Communication If the motor functions of the brain are injured, then clear speech can be difficult to generate. However, the brain may also have difficulty transferring thoughts into speech or interpreting incoming speech, a phenomenon known as aphasia.
Fatigue Students may find that they run out of energy part way through a long class or later in the day. Fatigue may be particularly evident when high levels of concentration are needed, such as during an exam.
Chronic Pain This may take the form of headaches, neck or back pain, or another type of physical discomfort (e.g., nausea, ringing in the ears, dry eyes, etc…). Students may find it difficult to complete long lectures or exams. Additionally, medication given to reduce pain or prevent seizures can cloud thinking.
Poor Motor Control Occasionally, the areas of the brain responsible for the initiation, coordination, and feedback of the body’s movements are affected by a brain injury. These changes can occur in a number of forms, including reduced motor speed, spastic or rigid movements, body tremors, reduced hand-eye coordination, or poor balance. Individuals may also experience periodic seizures that involve a temporary loss of consciousness and/or muscular convulsions.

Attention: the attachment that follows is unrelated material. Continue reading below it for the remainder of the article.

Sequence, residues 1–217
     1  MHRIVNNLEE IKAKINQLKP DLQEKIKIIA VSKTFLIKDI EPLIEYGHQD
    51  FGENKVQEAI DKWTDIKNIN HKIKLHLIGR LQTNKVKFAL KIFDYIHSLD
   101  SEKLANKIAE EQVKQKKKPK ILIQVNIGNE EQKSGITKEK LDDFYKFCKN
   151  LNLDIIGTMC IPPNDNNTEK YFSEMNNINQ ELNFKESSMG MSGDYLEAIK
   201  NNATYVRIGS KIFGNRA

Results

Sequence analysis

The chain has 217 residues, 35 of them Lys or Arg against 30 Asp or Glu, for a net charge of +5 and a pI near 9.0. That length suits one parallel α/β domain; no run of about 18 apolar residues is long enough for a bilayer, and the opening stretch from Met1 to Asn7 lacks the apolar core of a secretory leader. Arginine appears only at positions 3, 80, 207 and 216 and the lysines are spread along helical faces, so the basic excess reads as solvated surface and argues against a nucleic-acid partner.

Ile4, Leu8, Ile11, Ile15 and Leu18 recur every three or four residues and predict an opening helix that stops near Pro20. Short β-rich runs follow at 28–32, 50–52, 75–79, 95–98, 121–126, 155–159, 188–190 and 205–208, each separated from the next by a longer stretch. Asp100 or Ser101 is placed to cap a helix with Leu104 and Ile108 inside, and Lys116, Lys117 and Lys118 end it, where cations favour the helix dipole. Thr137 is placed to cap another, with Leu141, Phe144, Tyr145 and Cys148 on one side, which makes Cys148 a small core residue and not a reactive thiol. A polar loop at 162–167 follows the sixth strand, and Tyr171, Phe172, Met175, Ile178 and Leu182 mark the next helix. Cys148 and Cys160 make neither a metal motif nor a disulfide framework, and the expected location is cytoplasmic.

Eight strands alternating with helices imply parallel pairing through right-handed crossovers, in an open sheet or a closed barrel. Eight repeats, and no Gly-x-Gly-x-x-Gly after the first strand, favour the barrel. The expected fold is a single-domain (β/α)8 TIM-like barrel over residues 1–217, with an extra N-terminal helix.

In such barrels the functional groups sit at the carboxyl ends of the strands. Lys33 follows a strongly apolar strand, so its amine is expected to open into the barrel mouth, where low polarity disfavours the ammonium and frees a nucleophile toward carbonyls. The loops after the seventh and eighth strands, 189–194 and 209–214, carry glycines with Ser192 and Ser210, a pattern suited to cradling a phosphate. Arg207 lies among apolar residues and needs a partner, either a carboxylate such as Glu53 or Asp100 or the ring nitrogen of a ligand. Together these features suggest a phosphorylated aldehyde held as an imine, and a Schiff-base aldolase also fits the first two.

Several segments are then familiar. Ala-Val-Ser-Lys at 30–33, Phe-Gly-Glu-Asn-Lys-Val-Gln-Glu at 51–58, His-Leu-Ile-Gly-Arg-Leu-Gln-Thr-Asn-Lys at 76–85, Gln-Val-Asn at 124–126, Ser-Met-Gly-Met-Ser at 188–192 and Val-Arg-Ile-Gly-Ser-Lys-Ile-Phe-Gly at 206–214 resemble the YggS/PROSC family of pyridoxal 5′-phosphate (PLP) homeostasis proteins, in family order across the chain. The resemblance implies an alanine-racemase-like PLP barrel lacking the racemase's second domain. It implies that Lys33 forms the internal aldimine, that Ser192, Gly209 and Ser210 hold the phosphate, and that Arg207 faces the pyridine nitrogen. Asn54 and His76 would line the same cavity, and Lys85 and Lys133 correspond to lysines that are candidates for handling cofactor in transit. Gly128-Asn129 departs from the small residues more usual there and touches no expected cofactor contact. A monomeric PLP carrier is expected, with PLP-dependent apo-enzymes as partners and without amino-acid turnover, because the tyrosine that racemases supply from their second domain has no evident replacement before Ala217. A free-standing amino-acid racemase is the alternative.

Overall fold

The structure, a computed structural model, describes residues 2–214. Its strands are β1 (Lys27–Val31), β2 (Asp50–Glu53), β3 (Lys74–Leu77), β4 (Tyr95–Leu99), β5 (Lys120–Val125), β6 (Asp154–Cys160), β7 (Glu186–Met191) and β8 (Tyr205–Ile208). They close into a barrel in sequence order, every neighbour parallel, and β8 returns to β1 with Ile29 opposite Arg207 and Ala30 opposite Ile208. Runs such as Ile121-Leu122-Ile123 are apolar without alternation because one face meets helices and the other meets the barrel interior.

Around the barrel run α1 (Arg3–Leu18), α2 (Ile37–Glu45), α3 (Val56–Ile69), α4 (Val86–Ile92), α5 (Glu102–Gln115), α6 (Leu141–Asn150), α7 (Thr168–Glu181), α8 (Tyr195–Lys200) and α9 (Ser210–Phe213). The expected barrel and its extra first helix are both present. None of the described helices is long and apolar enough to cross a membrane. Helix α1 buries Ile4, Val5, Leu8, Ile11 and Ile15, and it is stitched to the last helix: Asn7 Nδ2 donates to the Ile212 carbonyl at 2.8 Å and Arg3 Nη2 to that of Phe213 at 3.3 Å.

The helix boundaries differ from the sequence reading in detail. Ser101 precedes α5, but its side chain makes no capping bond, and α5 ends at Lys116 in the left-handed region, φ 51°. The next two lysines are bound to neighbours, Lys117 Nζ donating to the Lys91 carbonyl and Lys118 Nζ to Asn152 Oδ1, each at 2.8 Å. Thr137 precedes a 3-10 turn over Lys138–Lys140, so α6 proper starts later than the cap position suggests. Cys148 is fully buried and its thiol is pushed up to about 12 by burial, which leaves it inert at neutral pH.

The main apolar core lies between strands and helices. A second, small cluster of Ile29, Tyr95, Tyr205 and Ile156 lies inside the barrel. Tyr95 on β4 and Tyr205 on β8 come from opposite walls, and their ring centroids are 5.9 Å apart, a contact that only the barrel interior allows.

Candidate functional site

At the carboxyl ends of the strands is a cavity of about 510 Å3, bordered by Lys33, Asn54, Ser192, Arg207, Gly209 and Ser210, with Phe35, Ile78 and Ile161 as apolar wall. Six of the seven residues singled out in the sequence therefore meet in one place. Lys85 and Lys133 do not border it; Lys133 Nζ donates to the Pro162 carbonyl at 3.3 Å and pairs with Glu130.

Emotional Individuals may find it difficult to deal with the pressure and stress inherent to academics. This is coupled with the fact that students may still be adjusting to any cognitive and physiological changes that they may have incurred. As a result, frustration, depression, and social withdrawal may compromise an individual’s ability to function as a student. There are several changes that frequently occur as a result of an ABI, including: an increase in irritability and a decrease in tolerance for frustration; symptom of depression, social withdrawal, and learned helplessness and the tendency to display excessive or inaccurate emotional responses to events.